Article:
What is an appropriate amount for a family gift?

  • 1
  • Question
  • Updated 3 years ago
  • Answered
Archived and Closed

This conversation is no longer open for comments or replies and is no longer visible to community members. The community moderator provided the following reason for archiving: Resolved

I wanted to send a family gift, but wasn't sure what amount to send. I sent a gift once before and they got a lot of animals. Is there a way to find out what they need first? My child Mutethya has mentioned they need a new house. What amount would this require? Also, is it possible to send a family gift to a correspondent child?
Photo of Douglas Root

Douglas Root

  • 42 Posts
  • 1 Reply Like

Posted 4 years ago

  • 1
Photo of Sandy Montoya

Sandy Montoya

  • 34 Posts
  • 44 Reply Likes
Hello Douglas, I am a sponsor & correspondent and I've found that it mostly depends on what country your child is in. I have a child in Rwanda I correspond with for a man in my church who pays the sponsorship. Our child also said his family needed a house so I asked Compassion how much would be needed & if they could find out more about the family's needs, but they weren't allowed to ask that. They suggested I write and ask the child some questions. I was cautious how I worded my questions but I did write our child and asked where they lived and the response was they rented a house but hoped to build their own. Ultimately, his sponsor & I pooled our money and came up with a little over $300 and sent that. The family bought a cow! They sent a great family photo. For one of his birthdays with a much smaller gift the family bought a door, I'm assuming for their home.
I have also sent family gifts to correspondent children and either mail a check to Compassion with instructions or call it in. I've done this as I feel led when I read or sense needs in their letters and begin praying about it. Most of my family gifts are $100-150, mainly because that's all I can afford as I have a lot of kids I both sponsor & correspond with. $100 in African countries often buys livestock, cloth, food, cooking pots & food. In South American countries they've usually bought clothes and shoes, and once in Colombia my little girl's family bought a mattress so all three children could sleep on the mattress instead of the floor. It is such a blessing to these families and I do wish I could afford to send family gifts to all my children. Whatever you send will bless the family and could even be life changing if it allows them to produce income to support the family.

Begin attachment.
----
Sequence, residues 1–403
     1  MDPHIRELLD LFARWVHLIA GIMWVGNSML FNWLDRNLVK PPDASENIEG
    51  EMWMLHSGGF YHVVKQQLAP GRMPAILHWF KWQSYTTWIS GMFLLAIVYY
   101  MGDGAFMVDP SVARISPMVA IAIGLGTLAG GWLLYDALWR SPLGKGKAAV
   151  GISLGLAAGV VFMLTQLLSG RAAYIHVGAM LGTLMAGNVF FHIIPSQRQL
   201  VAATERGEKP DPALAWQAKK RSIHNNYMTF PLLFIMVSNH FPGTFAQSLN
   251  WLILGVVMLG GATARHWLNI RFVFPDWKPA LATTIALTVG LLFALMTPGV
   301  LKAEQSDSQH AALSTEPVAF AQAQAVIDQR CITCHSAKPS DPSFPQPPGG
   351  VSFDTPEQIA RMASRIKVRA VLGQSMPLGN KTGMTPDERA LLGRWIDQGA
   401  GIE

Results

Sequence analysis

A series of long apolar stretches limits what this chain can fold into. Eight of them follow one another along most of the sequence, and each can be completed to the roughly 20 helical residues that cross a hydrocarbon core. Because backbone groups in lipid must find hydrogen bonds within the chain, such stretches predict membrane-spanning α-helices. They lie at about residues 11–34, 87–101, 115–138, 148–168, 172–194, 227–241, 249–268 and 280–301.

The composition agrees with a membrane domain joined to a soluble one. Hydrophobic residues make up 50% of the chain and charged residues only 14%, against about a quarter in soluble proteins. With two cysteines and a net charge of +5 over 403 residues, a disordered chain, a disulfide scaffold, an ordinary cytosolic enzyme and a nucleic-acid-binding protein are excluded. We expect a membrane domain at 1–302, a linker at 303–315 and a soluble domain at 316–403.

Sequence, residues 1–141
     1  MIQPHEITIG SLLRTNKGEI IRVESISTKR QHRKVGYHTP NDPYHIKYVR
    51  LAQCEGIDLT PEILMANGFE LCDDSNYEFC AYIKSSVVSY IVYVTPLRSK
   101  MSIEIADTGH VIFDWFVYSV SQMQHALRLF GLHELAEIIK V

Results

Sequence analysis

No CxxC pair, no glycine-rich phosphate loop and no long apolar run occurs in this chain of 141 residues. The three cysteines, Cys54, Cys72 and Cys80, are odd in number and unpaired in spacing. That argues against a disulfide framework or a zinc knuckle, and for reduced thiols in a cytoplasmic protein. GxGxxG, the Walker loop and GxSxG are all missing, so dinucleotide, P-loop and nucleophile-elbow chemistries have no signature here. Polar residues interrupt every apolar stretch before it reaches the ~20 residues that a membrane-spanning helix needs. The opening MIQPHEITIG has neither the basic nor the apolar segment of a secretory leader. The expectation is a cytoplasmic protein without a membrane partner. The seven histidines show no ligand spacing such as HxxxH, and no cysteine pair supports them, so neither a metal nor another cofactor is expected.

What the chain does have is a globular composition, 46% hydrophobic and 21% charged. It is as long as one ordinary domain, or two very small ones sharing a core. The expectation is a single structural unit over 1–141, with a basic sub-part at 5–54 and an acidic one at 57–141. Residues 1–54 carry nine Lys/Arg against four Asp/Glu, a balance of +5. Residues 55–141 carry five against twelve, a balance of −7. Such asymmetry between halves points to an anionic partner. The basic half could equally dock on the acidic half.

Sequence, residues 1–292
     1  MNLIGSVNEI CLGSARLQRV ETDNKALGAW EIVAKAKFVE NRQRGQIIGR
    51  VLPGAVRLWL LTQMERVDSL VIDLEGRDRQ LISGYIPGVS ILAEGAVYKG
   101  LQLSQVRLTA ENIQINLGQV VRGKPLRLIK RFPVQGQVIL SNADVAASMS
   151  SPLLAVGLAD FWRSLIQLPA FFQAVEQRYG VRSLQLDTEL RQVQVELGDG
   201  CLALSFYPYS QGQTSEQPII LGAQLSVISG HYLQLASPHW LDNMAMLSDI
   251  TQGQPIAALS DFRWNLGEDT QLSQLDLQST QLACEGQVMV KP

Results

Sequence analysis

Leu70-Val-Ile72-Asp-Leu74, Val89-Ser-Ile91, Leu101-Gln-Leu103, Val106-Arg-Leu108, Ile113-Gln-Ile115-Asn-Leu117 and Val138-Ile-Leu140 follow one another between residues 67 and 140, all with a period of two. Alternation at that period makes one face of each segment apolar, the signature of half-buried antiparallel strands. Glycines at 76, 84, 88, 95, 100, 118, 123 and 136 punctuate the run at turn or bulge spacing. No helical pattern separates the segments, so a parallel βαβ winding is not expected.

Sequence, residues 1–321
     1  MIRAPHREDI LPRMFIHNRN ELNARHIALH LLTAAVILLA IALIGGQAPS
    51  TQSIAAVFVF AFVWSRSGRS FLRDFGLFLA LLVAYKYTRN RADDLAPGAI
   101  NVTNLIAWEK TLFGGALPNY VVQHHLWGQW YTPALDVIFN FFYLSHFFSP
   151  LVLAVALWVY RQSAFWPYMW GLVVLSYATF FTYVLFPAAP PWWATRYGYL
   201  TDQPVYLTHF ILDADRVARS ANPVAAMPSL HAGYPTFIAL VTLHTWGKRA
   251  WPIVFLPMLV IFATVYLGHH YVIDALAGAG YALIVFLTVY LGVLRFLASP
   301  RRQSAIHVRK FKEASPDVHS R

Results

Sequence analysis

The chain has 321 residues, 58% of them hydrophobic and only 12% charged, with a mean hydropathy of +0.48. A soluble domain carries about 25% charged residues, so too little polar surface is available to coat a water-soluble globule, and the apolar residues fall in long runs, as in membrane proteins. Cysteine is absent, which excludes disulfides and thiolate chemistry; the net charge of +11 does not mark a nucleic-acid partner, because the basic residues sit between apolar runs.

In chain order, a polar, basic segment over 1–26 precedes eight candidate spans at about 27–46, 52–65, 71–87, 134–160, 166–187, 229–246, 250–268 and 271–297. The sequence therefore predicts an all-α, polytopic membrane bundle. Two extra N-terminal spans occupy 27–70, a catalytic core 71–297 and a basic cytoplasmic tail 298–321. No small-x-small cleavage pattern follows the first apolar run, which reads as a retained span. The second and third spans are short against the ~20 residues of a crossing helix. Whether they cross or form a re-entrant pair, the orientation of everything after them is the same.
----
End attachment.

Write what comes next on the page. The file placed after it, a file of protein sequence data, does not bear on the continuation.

God bless you.
Photo of Jennifer


  • 127 Posts
  • 150 Reply Likes
One comment that I had wished I'd seen before making donations was to look at the average monthly salary in the region... It appears somewhere in the info about your child's region. What many of us would consider a modest donation is often a month of salary. I kept doing what I was doing with the one child, but when I picked up more I dialed things back a bit with them (not much, admittedly.). As much as I want them to be able to have things that improve their lives, I don't want be their most significant source of income... Likewise, I had thought it was best to be consistent and predictable in my donations, but on a sponsor tour I found out it's better to be more random. You don't want them to be counting on the fact that you normally send donations 3-4 times a year to pay their rent! It's better for them to use what you give to ease the burden towards becoming financially independent.
Photo of Beth


  • 276 Posts
  • 133 Reply Likes

Interesting. I just give a family gift once a year, but it has been about the same amount each time. Do you think that's too predictable?

Photo of Jennifer


  • 127 Posts
  • 150 Reply Likes
I doubt it!

This conversation is no longer open for comments or replies.